"No. Thank you," I quickly responded, having previously cataloged the contents of his refrigerator and kitchen cabinetry. Findings the results of my quick and thorough exploration both slim and unfavorable, I was left with no option but to decline.
At my answer, a sly smile crossed his lips and a small dimple welcomed itself on his cheek. His short fingers connected with the refrigerator handle as he turned his head over his thick neck. "You know, for someone who bakes a lot, you really don't eat much, do you?" He laughed, collecting sandwich fillings from the top shelf of refrigerator, and placed them on the counter. "Are you sure?"
"Yes - definitely. I'm not hungry, thank you," I lied, watching the mammoth twist the dispenser on a bottle of French's mustard. The iconic yellow container was lost between his fingers as he painted a layer of the the condiment over a slice of white bread. After topping it with three perfectly round slices of olive loaf, he sealed the top with an additional slice of bread and lifted the plate from his kitchen counter. It took him three steps to make it back to the couch, where he fell heavily onto the cushions.
"My favorite sandwich," he proudly proclaimed, balancing the plate on his lap and searching for the remote with his free hand. "It's what my mom always made for me," he explained whilst simultaneously flipping sandwiches and taking a huge bite out of his most favorite meal, "when I was younger, you know?" The last words came out peppered with bits of Wonderbread and olive loaf, and I shared with him the most genuine smile that I could muster. He'd turned on the game and fallen into a bit of a football frenzy, blindly and quickly masticating his sandwich as he made noises of encouragement, excitement and frustration in the TV's direction.
I didn't have any idea who was playing, or much of an understanding of the game's rules for that matter, so I occupied my hands with the hem of my jeans and my mind with my thoughts. I began to brutally dissect the guy's meal in my head, unable to think of olive loaf as anything but repulsive and inedible. But as I was destroying his sandwich like a cafeteria bully, I began to think about the "repulsive" things that I like to eat and had a sudden change of heart. The sauerkraut and Brussels sprouts that my family made for me while I was growing up are disgusting to many, many people, but I consider them a comfort food. So, seeing a similarity, I mentally rebuilt the poor guy's sandwich and cast an understanding smile in his direction.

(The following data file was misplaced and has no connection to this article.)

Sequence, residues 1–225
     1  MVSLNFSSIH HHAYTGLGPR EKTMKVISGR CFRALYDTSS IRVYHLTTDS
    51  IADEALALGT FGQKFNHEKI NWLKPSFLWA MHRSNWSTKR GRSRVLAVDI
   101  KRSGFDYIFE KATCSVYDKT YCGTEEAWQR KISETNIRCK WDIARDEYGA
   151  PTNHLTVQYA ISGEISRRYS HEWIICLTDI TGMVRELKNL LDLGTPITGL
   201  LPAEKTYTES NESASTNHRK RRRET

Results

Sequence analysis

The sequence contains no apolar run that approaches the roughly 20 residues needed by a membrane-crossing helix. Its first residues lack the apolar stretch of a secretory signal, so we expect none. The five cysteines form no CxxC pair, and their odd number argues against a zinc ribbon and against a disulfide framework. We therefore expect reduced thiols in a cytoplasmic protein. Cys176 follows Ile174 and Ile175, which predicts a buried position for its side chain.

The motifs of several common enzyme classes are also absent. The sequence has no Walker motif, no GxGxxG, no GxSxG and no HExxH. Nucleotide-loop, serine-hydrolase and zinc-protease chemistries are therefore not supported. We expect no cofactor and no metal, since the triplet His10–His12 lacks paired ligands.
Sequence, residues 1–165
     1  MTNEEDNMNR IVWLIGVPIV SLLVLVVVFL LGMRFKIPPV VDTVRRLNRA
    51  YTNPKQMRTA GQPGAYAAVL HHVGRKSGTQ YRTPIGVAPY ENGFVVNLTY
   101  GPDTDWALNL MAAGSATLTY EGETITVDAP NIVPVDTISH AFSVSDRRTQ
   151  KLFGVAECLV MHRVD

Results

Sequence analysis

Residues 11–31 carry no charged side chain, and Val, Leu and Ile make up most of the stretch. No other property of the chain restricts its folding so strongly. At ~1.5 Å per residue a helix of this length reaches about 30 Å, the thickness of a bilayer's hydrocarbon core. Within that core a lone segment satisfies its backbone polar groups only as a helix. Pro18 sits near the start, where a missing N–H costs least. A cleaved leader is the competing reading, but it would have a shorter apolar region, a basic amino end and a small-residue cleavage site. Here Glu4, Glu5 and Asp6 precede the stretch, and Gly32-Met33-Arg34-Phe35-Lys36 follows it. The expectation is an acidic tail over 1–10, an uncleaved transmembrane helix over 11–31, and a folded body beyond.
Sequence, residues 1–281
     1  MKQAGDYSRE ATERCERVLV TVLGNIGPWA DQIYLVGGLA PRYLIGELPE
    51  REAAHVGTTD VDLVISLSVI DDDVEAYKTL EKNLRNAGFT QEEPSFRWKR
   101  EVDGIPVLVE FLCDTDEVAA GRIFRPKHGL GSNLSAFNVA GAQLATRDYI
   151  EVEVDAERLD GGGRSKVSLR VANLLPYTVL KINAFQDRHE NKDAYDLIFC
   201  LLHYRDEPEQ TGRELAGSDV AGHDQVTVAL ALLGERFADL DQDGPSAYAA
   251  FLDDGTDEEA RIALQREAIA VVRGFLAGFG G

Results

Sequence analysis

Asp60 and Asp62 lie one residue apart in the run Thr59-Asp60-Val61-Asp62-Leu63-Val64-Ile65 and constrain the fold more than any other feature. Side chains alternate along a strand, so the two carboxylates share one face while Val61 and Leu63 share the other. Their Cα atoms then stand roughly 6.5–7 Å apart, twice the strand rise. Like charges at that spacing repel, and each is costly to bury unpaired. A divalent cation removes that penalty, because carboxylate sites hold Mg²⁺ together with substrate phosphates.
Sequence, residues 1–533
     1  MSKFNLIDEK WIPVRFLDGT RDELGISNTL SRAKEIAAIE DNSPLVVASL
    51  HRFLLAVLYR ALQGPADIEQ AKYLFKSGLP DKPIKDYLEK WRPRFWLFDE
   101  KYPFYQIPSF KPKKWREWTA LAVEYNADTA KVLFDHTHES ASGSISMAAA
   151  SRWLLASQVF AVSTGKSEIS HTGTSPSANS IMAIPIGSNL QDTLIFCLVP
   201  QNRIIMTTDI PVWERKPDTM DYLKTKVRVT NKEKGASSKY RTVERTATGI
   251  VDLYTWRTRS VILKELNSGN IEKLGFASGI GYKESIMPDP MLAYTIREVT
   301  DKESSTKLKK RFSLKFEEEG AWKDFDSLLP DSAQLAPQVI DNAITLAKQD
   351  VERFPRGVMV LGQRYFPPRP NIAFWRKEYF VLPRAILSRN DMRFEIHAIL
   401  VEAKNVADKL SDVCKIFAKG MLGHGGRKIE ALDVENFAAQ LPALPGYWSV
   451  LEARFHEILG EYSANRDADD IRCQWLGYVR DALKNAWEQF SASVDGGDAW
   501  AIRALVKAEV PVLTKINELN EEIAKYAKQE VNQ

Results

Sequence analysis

It was that day that I promised myself that I would dial back my food snobbery.
And also that I would never, ever, ever eat an olive loaf and mustard sandwich.
Because that's important, too.
What do you consider a comfort food? Do you eat anything that your friends think you're crazy for liking? I wanna know!
Chocolate Banana and Pecan Bread
This bread is very, very soft and moist. Seriously delicious and definitely a new favorite for me!
1 c (142g) flour
1/4 c + 1 Tbls (27g) cocoa powder
3/4 tsp baking soda
1/2 tsp salt
1/2 c (100g) granulated sugar
1/2 c (80g) packed brown sugar
1/2 c (118ml) vegetable oil
1 c (236ml) mashed very ripe banana
1/3 c + 1 Tbls (90ml) sour cream
3/4 tsp vanilla
3/4 c (177ml) pecans
Preheat your oven to 350F (176C). Grease one 8 1/2" x 4 1/2" loaf pan or three 5 3/4" x 3" loaf pans and set aside.
In a small bowl, combine the flour, cocoa powder, baking soda, and salt. Set aside.
In a large bowl, whisk together the sugars, egg and vegetable oil. Add in the banana, sour cream and vanilla. Sift 1/2 of the dry ingredients over the wet, and fold to combine. Add the pecans and repeat with the remaining half. Pour into the prepared pan and bake until the bread is firm to the touch and slightly cracked, about 60 minutes. Cool on a rack completely before glazing.
A splash of milk
Pour the milk into a bowl and sift powdered sugar over the top. Whisk to combine and add enough powdered sugar to form a thick glaze. Pour over the cooled bread and top with additional pecans, if desired.